Mastigias jellyfish flood Jellyfish Lake, a marine lake in Palau, an island nation in the Pacific Ocean. Here, researchers found that pulsating jellyfish stir up the oceans with as much vigor as tides and winds, making them major players in ocean mixing. CREDIT: K.Katija/J.Dabiri.

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Though some reports suggest jellyfish are taking over the world’s

oceans, long-term records of these gelatinous animals fail to show a

global increase in jellyfish blooms likely caused by pollution, warming,

coastal development and other human influences.

While the analysis of a team of researchers who have pulled together

records of jellyfish presence going back to the 19th century don’t

support a rising gelatinous menace, the team did find a surprise: roughly 20-year cycles in the abundance of jellies.

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Part of a recent rise-and-fall cycle may have prompted the perception

of a global swell in jellyfish, according to the international team,

whose researchers are part of the Global Jellyfish Group. They point

specifically to the rising phase that began in 1993 and peaked in 2004.

Blamed for stinging swimmers, clogging fishing nets, overrunning ecosystems

and wreaking other havoc, jellyfish blooms — when these animals appear

in massive numbers — have caught the attention of the media and

scientists alike. A number of research papers have suggested that not

only are blooms increasing on a global scale, but humans are likely

responsible, because humans alter the oceans in ways that favor

jellyfish. (See Stunning Photos of Jellyfish Blooms)

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However, others have maintained information on jellyfish populations just isn’t sufficient to draw such conclusions.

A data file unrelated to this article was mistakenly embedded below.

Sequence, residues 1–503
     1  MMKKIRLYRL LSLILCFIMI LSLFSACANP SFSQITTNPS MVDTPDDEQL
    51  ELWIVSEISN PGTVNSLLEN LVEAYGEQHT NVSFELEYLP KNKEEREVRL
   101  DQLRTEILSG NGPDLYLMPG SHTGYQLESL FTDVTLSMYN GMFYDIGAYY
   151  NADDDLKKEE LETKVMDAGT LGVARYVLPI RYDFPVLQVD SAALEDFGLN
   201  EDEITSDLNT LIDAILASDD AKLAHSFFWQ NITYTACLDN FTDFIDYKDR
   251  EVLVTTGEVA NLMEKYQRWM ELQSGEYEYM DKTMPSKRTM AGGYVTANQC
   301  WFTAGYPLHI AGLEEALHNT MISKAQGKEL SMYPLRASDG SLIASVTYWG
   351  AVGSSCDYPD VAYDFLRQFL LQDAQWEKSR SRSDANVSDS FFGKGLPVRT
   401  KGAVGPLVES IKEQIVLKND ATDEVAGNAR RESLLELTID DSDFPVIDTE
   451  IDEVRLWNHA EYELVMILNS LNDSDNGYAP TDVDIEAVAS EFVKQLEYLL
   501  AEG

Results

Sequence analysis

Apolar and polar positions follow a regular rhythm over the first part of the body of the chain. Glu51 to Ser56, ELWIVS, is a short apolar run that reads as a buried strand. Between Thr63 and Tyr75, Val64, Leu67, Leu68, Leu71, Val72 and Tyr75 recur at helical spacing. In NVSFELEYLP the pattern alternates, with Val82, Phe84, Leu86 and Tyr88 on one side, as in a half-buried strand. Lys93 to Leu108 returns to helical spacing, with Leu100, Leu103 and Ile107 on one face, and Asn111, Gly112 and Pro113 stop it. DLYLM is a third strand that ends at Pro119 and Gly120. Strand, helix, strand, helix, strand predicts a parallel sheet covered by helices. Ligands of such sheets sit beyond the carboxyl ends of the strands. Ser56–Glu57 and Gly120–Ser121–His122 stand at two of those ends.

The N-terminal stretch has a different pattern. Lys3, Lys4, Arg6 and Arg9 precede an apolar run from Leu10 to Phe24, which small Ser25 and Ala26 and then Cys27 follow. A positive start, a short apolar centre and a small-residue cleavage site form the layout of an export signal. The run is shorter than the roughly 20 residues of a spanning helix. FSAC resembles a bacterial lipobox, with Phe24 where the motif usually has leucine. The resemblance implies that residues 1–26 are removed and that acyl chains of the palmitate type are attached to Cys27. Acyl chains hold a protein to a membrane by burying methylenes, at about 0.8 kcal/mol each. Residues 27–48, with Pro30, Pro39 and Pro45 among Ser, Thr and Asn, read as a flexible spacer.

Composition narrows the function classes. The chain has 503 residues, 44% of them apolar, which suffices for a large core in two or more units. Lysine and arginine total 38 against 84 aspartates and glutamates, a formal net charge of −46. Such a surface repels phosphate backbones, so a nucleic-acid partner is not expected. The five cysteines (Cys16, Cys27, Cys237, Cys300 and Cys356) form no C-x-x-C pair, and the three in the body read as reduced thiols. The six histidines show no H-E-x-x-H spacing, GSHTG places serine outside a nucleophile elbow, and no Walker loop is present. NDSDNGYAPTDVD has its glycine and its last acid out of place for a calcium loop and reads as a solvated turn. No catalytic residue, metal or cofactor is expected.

This most recent study drew upon 37 data sets, each of which included at

least 10 years of records of jellyfish presence in an area.

Even though the records don’t evenly represent the ocean — the majority

came from the Northern Hemisphere, particularly in the Atlantic Ocean

and the Mediterranean Sea — they include all available annual

measurements, including datasets used to support work indicating

increases in jellyfish, the authors write in a study published online today (Dec. 31) in the journal Proceedings of the National Academy of Sciences.

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Giant jellyfish (Nemopilema nomurai) clogging fishing nets in Japan. Also called Nomura’s jellyfish, these gelatinous creatures can grow up to 6.7 feet (2 meters) in diameter. CREDIT: Dr. Shin-ichi Uye

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Language has added to the challenge. In common use, the term jellyfish

lumps together organisms that can be quite different from one another.

For the purposes of this study, the researchers included records for

true jellies, the type most familiar to beachgoers; their relatives the

hydrozoans; comb jellies, which use tiny hairs, called cilia, to swim;

and another group of free-swimming invertebrates called salps.

From around 1940 to present, the records show the 20-year rising and

falling cycles. Prior to that, researchers saw signs of oscillations in

regions where data were available; however, this isn’t enough

information to draw conclusions about global patterns, said lead

researcher Rob Condon, a marine scientist at Dauphin Island Sea

Laboratory in Alabama. 

Multidecadal cycles are not uncommon in nature, whether in organisms’

growth patterns and populations, or physical phenomena, such as the

oxygen concentration of the oceans.

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